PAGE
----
1. ^ a b c d e f van Leeuwen, F. (November 2007). "Validation of the new Hipparcos reduction". Astronomy and Astrophysics. 474 (2): 653–664. arXiv:0708.1752. Bibcode:2007A&A...474..653V. doi:10.1051/0004-6361:20078357.
  2. ^ a b c d Johnson, H. L.; et al. (1966), "UBVRIJKL photometry of the bright stars", Communications of the Lunar and Planetary Laboratory, 4 (99): 99, Bibcode:1966CoLPL...4...99J
  3. ^ a b Samus, N. N.; Durlevich, O. V.; et al. (2009). "VizieR Online Data Catalog: General Catalogue of Variable Stars (Samus+ 2007–2013)". VizieR On-line Data Catalog: B/gcvs. Originally published in: 2009yCat....102025S. 1: 02025. Bibcode:2009yCat....102025S.
  4. ^ a b Hiltner, W. A.; Garrison, R. F.; Schild, R. E. (July 1969), "MK Spectral Types for Bright Southern OB Stars", Astrophysical Journal, 157: 313–326, Bibcode:1969ApJ...157..313H, doi:10.1086/150069
  5. ^ a b c d Jilinski, E.; et al. (March 2006), "Radial velocity measurements of B stars in the Scorpius-Centaurus association", Astronomy and Astrophysics, 448 (3): 1001–1006, arXiv:astro-ph/0601643, Bibcode:2006A&A...448.1001J, doi:10.1051/0004-6361:20041614
  6. ^ a b c d e de Geus, E. J.; de Zeeuw, P. T.; Lub, J. (June 1989), "Physical parameters of stars in the Scorpio-Centaurus OB association", Astronomy and Astrophysics, 216 (1–2): 44–61, Bibcode:1989A&A...216...44D
  7. ^ a b Tetzlaff, N.; Neuhäuser, R.; Hohle, M. M. (January 2011), "A catalogue of young runaway Hipparcos stars within 3 kpc from the Sun", Monthly Notices of the Royal Astronomical Society, 410 (1): 190–200, arXiv:1007.4883, Bibcode:2011MNRAS.410..190T, doi:10.1111/j.1365-2966.2010.17434.x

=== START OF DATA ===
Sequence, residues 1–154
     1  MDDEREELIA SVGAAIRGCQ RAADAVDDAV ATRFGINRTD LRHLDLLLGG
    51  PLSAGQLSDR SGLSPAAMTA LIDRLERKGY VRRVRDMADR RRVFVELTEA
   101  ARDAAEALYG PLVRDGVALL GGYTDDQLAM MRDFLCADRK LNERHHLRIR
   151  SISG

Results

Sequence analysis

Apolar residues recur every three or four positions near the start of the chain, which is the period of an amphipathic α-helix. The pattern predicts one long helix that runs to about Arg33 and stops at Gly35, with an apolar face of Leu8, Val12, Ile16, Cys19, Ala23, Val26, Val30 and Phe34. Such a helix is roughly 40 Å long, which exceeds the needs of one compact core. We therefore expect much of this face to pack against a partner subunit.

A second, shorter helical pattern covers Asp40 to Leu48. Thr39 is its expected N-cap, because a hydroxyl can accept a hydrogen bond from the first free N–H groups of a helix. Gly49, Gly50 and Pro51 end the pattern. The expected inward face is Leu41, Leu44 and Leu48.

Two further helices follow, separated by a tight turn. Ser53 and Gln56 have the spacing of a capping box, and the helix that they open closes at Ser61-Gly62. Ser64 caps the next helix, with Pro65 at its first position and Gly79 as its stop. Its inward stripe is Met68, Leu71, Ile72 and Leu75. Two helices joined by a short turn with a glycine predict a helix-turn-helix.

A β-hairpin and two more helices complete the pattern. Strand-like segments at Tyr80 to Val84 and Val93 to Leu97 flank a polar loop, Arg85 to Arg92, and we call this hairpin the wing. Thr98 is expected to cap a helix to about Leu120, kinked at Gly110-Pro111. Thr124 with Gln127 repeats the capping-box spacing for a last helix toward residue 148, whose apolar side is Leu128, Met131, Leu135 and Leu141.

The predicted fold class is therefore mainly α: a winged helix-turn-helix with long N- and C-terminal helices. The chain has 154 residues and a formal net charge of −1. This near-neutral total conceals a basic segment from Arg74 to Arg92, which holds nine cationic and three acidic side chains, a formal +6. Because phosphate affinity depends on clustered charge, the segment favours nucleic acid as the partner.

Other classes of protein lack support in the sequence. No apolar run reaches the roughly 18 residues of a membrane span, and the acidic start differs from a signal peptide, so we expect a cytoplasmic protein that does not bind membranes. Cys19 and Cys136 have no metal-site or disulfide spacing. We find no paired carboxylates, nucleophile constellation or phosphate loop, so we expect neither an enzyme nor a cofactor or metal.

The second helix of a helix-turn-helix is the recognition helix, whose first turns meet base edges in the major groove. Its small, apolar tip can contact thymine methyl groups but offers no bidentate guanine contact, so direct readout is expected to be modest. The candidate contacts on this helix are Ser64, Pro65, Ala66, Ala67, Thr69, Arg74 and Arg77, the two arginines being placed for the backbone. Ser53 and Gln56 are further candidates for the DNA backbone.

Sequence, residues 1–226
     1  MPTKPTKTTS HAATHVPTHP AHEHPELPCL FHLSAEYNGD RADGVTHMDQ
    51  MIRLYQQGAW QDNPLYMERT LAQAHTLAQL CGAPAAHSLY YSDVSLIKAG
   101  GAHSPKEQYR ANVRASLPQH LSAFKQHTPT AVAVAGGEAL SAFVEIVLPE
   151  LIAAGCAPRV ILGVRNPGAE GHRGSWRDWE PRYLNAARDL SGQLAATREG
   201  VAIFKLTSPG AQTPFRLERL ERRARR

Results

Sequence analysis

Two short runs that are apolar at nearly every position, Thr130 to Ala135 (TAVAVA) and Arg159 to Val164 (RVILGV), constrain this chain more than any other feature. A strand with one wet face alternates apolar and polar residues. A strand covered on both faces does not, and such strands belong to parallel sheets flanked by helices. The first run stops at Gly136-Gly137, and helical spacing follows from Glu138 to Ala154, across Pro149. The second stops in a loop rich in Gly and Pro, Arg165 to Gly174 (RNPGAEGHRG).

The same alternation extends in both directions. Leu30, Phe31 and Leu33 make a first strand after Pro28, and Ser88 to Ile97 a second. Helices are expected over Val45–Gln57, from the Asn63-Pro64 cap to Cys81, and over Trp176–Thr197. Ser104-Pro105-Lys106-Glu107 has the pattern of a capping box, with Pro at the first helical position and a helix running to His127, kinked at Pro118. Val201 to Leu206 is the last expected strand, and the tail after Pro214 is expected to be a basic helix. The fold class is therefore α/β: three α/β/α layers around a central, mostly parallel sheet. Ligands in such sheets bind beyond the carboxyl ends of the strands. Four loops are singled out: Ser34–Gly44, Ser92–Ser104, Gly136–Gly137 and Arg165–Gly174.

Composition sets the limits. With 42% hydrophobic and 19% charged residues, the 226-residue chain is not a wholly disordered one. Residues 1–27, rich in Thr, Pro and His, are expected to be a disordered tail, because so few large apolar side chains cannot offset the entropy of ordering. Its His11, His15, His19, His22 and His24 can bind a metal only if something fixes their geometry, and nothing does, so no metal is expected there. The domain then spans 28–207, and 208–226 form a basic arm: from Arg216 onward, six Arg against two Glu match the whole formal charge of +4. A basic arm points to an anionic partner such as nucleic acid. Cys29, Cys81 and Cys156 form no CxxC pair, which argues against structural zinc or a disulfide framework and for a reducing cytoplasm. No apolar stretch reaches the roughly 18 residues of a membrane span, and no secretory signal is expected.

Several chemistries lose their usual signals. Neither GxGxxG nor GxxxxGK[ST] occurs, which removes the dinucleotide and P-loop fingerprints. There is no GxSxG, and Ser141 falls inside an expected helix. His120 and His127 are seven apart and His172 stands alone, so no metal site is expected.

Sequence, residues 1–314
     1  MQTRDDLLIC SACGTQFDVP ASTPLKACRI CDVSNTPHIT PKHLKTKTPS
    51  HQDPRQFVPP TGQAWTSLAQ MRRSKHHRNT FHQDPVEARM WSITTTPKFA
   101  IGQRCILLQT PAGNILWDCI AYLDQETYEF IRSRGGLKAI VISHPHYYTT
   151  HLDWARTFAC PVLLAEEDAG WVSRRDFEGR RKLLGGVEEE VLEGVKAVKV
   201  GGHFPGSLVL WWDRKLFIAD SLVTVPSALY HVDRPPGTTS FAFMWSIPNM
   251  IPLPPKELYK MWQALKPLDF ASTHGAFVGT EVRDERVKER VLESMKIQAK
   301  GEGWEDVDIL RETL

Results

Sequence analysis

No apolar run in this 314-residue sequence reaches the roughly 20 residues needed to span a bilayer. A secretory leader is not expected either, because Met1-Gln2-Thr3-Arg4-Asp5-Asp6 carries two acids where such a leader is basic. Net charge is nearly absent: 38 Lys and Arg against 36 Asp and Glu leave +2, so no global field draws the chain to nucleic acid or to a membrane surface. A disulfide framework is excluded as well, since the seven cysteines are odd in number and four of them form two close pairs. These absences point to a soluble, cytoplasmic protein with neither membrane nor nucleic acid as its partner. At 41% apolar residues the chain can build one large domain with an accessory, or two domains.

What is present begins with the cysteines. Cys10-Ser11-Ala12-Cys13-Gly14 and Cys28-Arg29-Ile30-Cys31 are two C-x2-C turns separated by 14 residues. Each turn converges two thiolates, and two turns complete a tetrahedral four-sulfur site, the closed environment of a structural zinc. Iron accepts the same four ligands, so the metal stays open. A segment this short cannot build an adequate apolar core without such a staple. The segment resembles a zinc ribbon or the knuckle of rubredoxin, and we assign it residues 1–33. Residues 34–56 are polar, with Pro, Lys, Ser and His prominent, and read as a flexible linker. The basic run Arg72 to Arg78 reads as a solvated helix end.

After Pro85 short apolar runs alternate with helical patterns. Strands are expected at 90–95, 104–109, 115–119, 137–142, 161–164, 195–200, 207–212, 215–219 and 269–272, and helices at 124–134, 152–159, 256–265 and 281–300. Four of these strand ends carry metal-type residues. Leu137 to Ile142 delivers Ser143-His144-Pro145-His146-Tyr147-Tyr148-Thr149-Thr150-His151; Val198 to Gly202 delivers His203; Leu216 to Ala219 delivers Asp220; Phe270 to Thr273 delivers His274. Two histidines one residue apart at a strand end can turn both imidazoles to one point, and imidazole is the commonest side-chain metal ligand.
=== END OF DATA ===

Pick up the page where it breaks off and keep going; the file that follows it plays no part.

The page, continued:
8. ^ a b Sokolov, N. A. (May 1995), "The determination of T_eff_ of B, A and F main sequence stars from the continuum between 3200 A and 3600 A", Astronomy and Astrophysics Supplement, 110: 553–564, Bibcode:1995A&AS..110..553S
  9. ^ a b Daszyńska-Daszkiewicz, J.; Niemczura, E. (April 2005), "Metallicity of mono- and multiperiodic β Cephei stars", Astronomy and Astrophysics, 433 (3): 1031–1035, arXiv:astro-ph/0410442, Bibcode:2005A&A...433.1031D, doi:10.1051/0004-6361:20040397
  10. ^ "V* alf Lup -- Variable Star of beta Cep type", SIMBAD, Centre de Données astronomiques de Strasbourg, retrieved 2009-10-26
  11. ^ Perryman, M. A. C.; et al. (April 1997), "The HIPPARCOS Catalogue", Astronomy & Astrophysics, 323: L49–L52, Bibcode:1997A&A...323L..49P
  12. ^ Firestone, R. B. (July 2014), "Observation of 23 Supernovae That Exploded <300 pc from Earth during the past 300 kyr", The Astrophysical Journal, 789 (1): 11, Bibcode:2014ApJ...789...29F, doi:10.1088/0004-637X/789/1/29, 29.
  13. ^ Pagel, B. E. J. (1956), "Results of a search for bright β Cephei variables in the southern sky", Monthly Notices of the Royal Astronomical Society, 116: 10–24, Bibcode:1956MNRAS.116...10P, doi:10.1093/mnras/116.1.10
  14. ^ Mason, Brian D.; Wycoff, Gary L.; Hartkopf, William I.; Douglass, Geoffrey G.; Worley, Charles E. (2001). "The 2001 US Naval Observatory Double Star CD-ROM. I. The Washington Double Star Catalog". The Astronomical Journal. 122 (6): 3466. Bibcode:2001AJ....122.3466M. doi:10.1086/323920.
  15. ^ (in Chinese) 中國星座神話, written by 陳久金. Published by 台灣書房出版有限公司, 2005, ISBN 978-986-7332-25-7.
  16. ^ (in Chinese) 香港太空館 - 研究資源 - 亮星中英對照表 Archived 2011-01-30 at the Wayback Machine., Hong Kong Space Museum. Accessed on line November 23, 2010.]
  17. ^ a b Allen, R. H. (1963). Star Names: Their Lore and Meaning (Reprint ed.). New York, NY: Dover Publications Inc. p. 279. ISBN 0-486-21079-0.
  18. ^ Allen transliterated 南門 as Nan Mun in Centaurus.
    Allen, R. H. (1963). Star Names: Their Lore and Meaning. p. 153.